This exchange was, above all, about friendship. It was a gesture of friendship between two groups of people who were often in conflict in those turbulent times of our history.

Friendship, such an all-embracing word suggesting a relationship of mutual respect and affection between people. Perhaps it is because of its fairly remote location, or because the monument is so seldom visited, but fifty-five years after the erection of the monument, the brass plaques were stolen – probably to sell as scrap metal! The wall remained empty and faceless, rendering them meaningless to any casual observer.

Fortunately, replicas of these plaques were erected in April this year. They have been made from black granite sourced in Zimbabwe and etched using laser technology. Arranging this, and paying for it, was no simple task and required the goodwill of many individuals and organisations within the community of Grahamstown.

The actual Bible handed over all those years ago is now on display at the Voortrekker Monument in Pretoria.


One cannot pass through Swellendam without admiring the beautiful Dutch Reformed Church that elegantly presides over the town. Situated on the corner of Church and Voortrekker Streets, the eclectic fusion of its architectural styles is striking.

This church, also known as the Moederkerk (Mother Church), sports Cape Dutch gables and Gothic windows mixed with an Eastern dome, Renaissance entrances, and a Baroque spire, along with a replica of a Belgium wooden tower.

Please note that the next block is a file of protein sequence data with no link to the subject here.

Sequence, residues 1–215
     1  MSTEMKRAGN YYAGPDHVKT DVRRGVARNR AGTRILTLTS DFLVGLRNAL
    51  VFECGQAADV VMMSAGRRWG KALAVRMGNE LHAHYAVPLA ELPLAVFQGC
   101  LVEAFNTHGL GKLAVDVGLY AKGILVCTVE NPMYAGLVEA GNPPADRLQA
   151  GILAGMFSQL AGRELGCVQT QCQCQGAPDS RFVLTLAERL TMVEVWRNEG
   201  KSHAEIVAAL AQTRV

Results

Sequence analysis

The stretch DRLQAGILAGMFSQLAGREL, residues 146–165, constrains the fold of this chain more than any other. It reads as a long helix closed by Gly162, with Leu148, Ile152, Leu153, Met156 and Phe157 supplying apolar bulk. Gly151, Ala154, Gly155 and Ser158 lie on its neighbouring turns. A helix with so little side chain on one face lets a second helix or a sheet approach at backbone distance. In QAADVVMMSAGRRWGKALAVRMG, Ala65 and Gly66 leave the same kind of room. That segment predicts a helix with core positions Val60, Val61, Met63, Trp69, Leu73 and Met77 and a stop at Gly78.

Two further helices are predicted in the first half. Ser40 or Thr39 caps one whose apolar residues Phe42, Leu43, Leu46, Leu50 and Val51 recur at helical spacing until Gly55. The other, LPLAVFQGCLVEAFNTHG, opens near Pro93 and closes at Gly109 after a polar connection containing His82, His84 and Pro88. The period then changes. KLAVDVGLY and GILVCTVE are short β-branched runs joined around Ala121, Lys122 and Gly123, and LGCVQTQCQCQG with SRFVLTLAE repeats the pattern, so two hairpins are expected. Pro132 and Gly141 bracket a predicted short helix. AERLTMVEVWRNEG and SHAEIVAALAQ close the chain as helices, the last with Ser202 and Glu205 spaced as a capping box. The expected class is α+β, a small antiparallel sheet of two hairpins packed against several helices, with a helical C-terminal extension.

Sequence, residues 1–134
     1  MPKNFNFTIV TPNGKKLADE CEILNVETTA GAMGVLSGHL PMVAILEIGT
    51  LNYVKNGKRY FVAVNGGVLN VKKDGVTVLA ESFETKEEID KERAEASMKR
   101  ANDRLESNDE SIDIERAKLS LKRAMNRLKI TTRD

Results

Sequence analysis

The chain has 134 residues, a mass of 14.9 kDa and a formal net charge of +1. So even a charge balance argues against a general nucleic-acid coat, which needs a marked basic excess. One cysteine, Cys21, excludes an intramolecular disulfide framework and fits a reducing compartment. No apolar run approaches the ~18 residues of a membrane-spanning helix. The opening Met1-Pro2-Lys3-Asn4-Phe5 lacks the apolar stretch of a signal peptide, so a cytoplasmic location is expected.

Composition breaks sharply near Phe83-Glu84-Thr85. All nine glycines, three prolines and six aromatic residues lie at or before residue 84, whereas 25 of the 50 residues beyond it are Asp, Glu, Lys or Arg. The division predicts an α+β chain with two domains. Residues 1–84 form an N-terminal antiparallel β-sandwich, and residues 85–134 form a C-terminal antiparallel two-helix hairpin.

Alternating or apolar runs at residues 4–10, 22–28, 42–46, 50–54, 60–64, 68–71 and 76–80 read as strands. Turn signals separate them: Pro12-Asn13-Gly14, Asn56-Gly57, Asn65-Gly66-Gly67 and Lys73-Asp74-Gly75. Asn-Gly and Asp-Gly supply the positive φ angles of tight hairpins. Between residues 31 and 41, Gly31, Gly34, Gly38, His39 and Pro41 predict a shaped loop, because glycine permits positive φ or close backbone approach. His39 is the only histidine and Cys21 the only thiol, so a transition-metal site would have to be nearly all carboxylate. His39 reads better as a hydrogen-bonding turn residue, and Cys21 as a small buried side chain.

There is so much to take in. Look at this detail on one of the gables.

It has a fascinating history too:


Coming across this porcelain wash basin and jug in the Prince Albert museum jogged my memory back to when I was about ten years old, visiting my Great Aunt Mary in Colesberg.

Even then it was like walking through a living museum for every bedroom was equipped not only with such basins and jugs, but there was a porcelain potty discreetly tucked under every bed! I swore blind that I could feel the ghosts around me and the creaking wooden floorboards during the night convinced me I was not far from wrong. How I wish I could own one of these now!

My Great-Granny Joan Donald lived in that house until she died at the age of almost 101. Her daughter, Mary, continued living there until her death in her eighties, after which some artifacts from her home ended up in the Colesberg museum where I saw them many years later.

Their family name lives on, for that house has been renovated completely and is now run as Donalds Guest House – looking very different from when I first visited it and yet still strangely familiar.


There was an intriguing sign outside the Calitzdorp post office:

It was so odd that I halted for a closer look:

This is what the sign announced:

Why would the post office be closed for that length of time?

It turned out that the sign did not actually relate to the closure of the post office, but to the small hair salon tucked behind the arch in the same building. The hairdresser found it amusing that so many people would pop in to ask why the post office would be closing!

I hope she gained a few more clients as a result.